The Sheen Center is, I find myself thinking, the perfect place to host Locus29’s Hell Dialogues. Its underground stage is framed by angular steel walkways, audience lighting dulled, the air cool from the walk down. Punctuated with backlighting in an otherworldly purple, it is easy for one to feel descended into a chill flame, an impeccable emotional backdrop for the marriage of Sartre and Plato the audience is to witness.
Sartre’s Huis Clos [No Exit] and Plato’s Dialogues may not seem the most obvious of combinations, parallels found only—initially—in the word “philosophy.” Expressing their connection is a task adapter Dan Veksler took on with admirable vigor: guided by Masha Kotlova’s direction, the sister scripts are interwoven with a surrealist existentialism that would do Sartre proud. From the actors’ first moment of entry, done in twitchy silence, to the final brash dance party, one is enveloped in an unapologetic absurdity.
Hell Dialogues finds its grounding in Sartre’s Valet, played by Leo Grinberg with sinister luminescence. This iteration places the Valet in a far more vocal role than the original’s Charon-like usher; together with his Uncle, the Socratic head valet, he becomes debate personified, physicalizing the dichotomy of what it means to be human in conversations of tyranny and justice.
All this while Garcin (Max Katz), Estelle (Kylee Jacoby), and Inez (Anna Zinenko) scrabble in their own personal Hell, No Exit to offer reprieve from their triad tortures.
If this sounds rather chaotic, that’s because it is. Freneticism largely lends itself well to production; leaned into, it crafts a feeling of arrythmia, the insanity that is being a walking contradiction, human. Kotlova’s psycho-physical approach to direction makes this chaos integral: Garcin’s hands spasm, he folds in on himself and chokes in a snarl; Inez tears at her clothes, trying to breathe, breathe, breathe, sitting as a toddler entertaining herself; Estelle moves as Edwardian fairy, feinting and fainting in equal measure. The Valet and his Uncle (Peter Murphy) do calisthenics on the side, calling reminders of “There is no God in Hell.” Together, they make quite the interpretive quintet. One must applaud the commitment of the actors.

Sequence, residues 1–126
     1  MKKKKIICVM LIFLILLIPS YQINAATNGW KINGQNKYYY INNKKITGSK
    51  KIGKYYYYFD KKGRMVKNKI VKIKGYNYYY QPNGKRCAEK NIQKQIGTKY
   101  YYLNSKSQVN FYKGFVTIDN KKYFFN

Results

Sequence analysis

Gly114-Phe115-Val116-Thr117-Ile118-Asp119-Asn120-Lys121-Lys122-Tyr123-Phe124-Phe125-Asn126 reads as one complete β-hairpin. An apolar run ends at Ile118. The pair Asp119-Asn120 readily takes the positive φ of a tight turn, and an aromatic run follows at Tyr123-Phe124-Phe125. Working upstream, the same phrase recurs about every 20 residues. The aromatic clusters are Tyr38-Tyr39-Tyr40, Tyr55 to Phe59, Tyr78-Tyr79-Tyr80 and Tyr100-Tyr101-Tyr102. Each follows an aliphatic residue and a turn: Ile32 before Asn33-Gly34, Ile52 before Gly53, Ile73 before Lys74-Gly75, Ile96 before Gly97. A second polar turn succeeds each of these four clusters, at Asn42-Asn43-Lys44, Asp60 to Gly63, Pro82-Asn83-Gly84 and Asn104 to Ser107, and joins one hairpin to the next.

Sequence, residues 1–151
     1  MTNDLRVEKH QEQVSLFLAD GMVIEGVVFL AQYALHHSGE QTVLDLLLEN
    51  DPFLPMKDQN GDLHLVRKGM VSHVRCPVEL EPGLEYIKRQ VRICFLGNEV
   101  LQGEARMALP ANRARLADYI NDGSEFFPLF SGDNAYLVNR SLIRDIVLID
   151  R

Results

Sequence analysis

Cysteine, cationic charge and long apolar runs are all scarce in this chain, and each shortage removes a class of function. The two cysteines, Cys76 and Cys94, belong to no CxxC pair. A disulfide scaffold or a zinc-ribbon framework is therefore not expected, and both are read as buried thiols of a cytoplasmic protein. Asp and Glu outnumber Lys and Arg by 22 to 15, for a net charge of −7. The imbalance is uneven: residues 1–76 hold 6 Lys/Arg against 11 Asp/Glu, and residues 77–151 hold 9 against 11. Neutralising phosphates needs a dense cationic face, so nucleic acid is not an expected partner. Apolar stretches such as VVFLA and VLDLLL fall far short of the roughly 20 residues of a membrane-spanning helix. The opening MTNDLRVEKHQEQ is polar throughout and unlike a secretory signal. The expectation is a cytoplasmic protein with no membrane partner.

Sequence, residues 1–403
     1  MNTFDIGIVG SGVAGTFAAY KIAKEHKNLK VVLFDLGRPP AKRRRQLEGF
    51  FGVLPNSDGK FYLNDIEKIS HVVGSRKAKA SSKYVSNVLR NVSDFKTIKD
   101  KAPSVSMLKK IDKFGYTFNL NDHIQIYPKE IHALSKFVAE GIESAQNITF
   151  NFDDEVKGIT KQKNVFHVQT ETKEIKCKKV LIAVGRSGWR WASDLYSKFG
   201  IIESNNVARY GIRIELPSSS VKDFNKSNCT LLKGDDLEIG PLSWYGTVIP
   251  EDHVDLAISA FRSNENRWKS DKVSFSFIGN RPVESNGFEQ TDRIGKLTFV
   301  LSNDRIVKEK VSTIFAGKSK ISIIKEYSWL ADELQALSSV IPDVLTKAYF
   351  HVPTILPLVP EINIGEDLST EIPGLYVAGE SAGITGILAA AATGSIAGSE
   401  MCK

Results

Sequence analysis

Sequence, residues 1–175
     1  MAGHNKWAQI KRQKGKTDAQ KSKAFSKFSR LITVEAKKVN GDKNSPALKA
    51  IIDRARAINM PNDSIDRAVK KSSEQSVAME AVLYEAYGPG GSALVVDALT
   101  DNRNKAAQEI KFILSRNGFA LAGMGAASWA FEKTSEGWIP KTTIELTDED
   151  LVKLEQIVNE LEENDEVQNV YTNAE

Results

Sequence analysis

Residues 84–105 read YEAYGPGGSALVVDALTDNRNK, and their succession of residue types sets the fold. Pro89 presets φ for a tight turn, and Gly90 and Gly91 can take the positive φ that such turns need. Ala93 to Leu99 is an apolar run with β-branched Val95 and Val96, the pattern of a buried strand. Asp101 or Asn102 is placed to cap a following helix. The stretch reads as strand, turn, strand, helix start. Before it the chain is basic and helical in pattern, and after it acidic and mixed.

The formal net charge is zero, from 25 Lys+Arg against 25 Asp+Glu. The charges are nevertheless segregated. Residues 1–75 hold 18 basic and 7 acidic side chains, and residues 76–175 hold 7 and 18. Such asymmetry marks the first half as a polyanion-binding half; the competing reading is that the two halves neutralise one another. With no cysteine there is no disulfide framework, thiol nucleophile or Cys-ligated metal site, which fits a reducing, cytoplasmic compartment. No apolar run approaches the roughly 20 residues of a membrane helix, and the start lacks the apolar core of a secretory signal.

It paid off in several key moments. Katz as Garcin gave a stunning performance of his final moments on the physical plane: spotlight on, his tied hands writhed, mouth contorting, a gasping incantation of fear and necessity. Jacoby and Zinenko provided with a beautiful dance, trading places, trading partners with Estelle’s Faceless Man; a waltz both staccato and languid in alternation, the two exuded grief and guilt and love and lack of apology, all. It was enough to tear empathy for these Hell-bound monsters onstage.
There were times, however, that this persistent freneticism hindered the reception. With bombardment of movement, the mind struggles to pay attention; it needs a balance of quiet to shock it back to consciousness, something that Hell Dialogues is missing a bit of. When physicality lessens, the chaos continues with Plato’s debates: Uncle and Valet parry and riposte on what exactly humankind is. Their debate is quick-witted and quicker-paced, enough so that the audience is left reeling. There is some intentionality in that dizziness, I’ve no doubt, but the production would benefit from providing its audience with reprieve to ensure they’re with the cast. A further integration of the two scripts would assist, as well. There are loose threads connecting the two; still, they feel like two separate performances ground together.
That said, Hell Dialogues boasts an incredibly strong ensemble cast. Its utilization of music—written by Marc Ribot, The Tiger Lilies, and Beliy Ostrog—is near-perfect. It provides excellent query, my favorite of which being “What is a tyrant?” Its set design, by Anna Kiraly, is a compelling mixture of pop art, IKEA furniture, and thermonuclear coloring. Overall, even at its weakest points, the production had me. It was a delightful evening of philosophy and oddity.
To learn more about Hell Dialogues, click here.
This post was written by the author in their personal capacity.The opinions expressed in this article are the author’s own and do not reflect the view of The Theatre Times, their staff or collaborators.
This post was written by Rhiannon Ling.
The views expressed here belong to the author and do not necessarily reflect our views and opinions.